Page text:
Dallas Is Pedaling Toward a New Citywide Bike Plan

The city of Dallas has a Bike Plan—but it was written in 2011. Now, after creating 67 miles of bike lanes across the city, Dallas is working on an updated bicycle master plan that lays out future bike and roadway improvement needs.

“We want to build connected bicycle routes that help you safely get from your home to your work, school, parks, and other destinations,” the city said in a statement.

Plans include an updated Bicycle Network Map, updated design standards for bicycle facilities, and a phased implementation roadmap that identifies “quick win” priorities.

Downtown Dallas Inc. wants more bikes in the city center

Downtown Dallas Inc. supports the move and advocates for an “enhanced bicycle network” in the city center—the 2.5-mile area in and around downtown.

As of 2017, there were 5.4 miles of dedicated bicycle lanes and 12 miles of shared lanes in the city center. DDI’s strategic “360 Plan” called for an additional 30 miles of bicycle facilities – identified as “priority bike improvements”—to be constructed in the area.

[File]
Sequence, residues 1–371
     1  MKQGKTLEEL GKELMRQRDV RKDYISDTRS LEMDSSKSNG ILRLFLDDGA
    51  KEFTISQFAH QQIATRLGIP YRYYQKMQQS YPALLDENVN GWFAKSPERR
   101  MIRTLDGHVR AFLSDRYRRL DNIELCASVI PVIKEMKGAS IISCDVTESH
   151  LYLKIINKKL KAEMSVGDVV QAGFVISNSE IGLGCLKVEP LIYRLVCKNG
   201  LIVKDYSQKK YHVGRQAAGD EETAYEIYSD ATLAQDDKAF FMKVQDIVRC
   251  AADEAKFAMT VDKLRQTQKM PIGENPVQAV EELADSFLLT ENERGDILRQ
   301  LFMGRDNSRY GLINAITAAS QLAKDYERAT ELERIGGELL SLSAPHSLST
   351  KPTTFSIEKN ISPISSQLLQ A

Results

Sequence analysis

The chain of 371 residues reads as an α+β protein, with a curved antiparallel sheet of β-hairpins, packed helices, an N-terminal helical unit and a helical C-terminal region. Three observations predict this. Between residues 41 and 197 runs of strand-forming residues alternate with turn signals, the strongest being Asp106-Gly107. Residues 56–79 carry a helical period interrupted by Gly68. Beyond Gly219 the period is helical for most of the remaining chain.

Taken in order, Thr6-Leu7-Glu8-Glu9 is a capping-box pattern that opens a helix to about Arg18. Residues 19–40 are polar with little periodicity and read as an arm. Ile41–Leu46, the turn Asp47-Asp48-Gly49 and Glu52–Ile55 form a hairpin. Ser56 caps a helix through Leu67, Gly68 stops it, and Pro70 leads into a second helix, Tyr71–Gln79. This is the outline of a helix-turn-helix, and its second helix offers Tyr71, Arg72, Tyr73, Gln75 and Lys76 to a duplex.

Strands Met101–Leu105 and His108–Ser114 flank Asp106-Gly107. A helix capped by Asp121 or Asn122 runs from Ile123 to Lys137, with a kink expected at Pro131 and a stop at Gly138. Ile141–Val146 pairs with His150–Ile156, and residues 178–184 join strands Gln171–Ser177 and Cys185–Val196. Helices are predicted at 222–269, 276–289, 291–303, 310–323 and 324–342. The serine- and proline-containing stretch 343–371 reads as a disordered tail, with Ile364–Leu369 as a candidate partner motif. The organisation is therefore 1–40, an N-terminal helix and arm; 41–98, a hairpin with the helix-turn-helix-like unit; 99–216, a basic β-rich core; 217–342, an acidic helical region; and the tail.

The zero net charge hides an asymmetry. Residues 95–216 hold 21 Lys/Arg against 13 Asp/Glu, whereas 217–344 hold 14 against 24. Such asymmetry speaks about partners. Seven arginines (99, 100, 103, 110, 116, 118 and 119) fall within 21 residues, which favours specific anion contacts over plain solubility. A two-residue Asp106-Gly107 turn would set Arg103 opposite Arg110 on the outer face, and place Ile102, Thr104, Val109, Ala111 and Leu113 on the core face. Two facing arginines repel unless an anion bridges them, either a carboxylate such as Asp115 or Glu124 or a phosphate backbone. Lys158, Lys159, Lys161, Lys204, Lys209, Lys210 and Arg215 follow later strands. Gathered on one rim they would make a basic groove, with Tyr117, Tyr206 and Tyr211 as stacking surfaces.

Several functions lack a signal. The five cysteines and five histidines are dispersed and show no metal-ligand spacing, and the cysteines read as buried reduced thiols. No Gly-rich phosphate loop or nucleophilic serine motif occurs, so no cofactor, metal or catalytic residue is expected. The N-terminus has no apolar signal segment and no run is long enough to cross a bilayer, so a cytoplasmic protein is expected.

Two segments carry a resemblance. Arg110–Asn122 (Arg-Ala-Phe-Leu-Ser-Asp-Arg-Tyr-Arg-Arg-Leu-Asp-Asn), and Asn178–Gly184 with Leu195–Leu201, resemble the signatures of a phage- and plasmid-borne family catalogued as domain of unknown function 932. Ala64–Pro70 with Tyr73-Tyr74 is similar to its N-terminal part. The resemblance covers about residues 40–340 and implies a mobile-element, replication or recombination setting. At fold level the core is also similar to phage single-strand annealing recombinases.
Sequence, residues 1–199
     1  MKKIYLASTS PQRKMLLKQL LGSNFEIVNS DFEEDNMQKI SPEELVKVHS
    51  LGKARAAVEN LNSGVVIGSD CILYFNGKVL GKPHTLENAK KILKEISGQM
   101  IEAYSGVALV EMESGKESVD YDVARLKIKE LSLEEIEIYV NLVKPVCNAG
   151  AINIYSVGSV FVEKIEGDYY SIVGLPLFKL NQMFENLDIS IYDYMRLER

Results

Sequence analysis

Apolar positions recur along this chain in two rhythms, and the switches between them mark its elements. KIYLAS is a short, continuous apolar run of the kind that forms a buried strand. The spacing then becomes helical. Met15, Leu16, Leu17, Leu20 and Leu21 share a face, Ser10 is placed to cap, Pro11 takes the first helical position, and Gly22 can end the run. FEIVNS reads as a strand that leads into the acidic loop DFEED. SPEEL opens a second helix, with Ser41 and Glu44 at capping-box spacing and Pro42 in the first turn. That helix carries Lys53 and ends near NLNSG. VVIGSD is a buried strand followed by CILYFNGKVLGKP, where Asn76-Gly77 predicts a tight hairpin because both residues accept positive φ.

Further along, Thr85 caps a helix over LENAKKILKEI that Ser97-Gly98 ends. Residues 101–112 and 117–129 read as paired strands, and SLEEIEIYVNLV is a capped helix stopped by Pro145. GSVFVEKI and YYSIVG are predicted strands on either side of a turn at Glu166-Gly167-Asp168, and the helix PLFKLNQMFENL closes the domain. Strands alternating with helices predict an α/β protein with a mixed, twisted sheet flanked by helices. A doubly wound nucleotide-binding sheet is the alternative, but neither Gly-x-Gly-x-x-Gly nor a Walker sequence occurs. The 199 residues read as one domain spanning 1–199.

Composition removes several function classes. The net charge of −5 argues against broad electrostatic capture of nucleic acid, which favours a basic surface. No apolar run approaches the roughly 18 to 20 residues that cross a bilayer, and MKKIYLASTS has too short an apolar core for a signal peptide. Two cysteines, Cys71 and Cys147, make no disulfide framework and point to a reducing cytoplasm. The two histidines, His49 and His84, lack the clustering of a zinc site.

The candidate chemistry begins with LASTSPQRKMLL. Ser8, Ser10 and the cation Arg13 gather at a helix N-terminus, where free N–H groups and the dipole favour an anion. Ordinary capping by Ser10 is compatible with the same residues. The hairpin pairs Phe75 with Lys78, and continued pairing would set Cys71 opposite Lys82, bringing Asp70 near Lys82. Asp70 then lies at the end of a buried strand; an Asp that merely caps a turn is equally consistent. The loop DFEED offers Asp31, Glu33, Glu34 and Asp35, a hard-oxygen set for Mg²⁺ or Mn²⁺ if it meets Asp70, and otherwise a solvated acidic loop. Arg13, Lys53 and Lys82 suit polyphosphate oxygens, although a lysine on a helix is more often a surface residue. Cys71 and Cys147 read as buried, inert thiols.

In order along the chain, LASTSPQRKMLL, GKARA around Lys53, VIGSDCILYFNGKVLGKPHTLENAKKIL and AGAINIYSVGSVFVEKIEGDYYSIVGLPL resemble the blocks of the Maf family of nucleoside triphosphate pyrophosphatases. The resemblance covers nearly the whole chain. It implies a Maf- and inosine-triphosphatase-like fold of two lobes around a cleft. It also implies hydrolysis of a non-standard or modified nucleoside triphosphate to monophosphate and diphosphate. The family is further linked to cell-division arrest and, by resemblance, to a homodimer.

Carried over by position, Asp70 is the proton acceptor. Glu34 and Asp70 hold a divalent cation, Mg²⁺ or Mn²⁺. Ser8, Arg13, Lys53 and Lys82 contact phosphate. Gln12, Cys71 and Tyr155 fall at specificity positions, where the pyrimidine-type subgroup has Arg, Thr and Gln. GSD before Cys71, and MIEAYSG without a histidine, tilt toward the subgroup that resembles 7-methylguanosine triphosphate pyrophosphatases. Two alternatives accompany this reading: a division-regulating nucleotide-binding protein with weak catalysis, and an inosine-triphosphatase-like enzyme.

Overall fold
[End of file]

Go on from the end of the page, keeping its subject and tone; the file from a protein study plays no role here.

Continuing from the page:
The LOOP is uniting neighborhoods with urban trails

When completed, The Loop will circle around central Dallas, connecting Southern Dallas with many attractions including Uptown, Deep Ellum, and White Rock Lake. [Image: The Loop]

One of Dallas’ biggest programs for increasing bike use is The LOOP, a 50-mile urban bike trail with a goal of uniting neighborhoods around much of the city’s core. In November 2021, The Loop attracted a $12 million federal RAISE grant toward building its Trinity Forest Spine Trail South Phase. And Oncor donated an entire lake and its surrounding land to help complete the project.

“As we look forward to our city’s future, what is clear is that trails are vital to the people of Dallas,” Dallas Mayor Eric Johnson said last year. “The LOOP isn’t some vanity project, or just an economic development play, or just a feel-good amenity for our neighborhoods. Trails are more to us than a nice-to-have perk. A strong and viable trail system must be considered critical infrastructure for a 21st century city. This grant is reflective of that fact, and we’re thrilled to have federal support as we continue building a more vibrant Dallas.”

Bottom line? Get ready to gear up for a more bike-friendly city.

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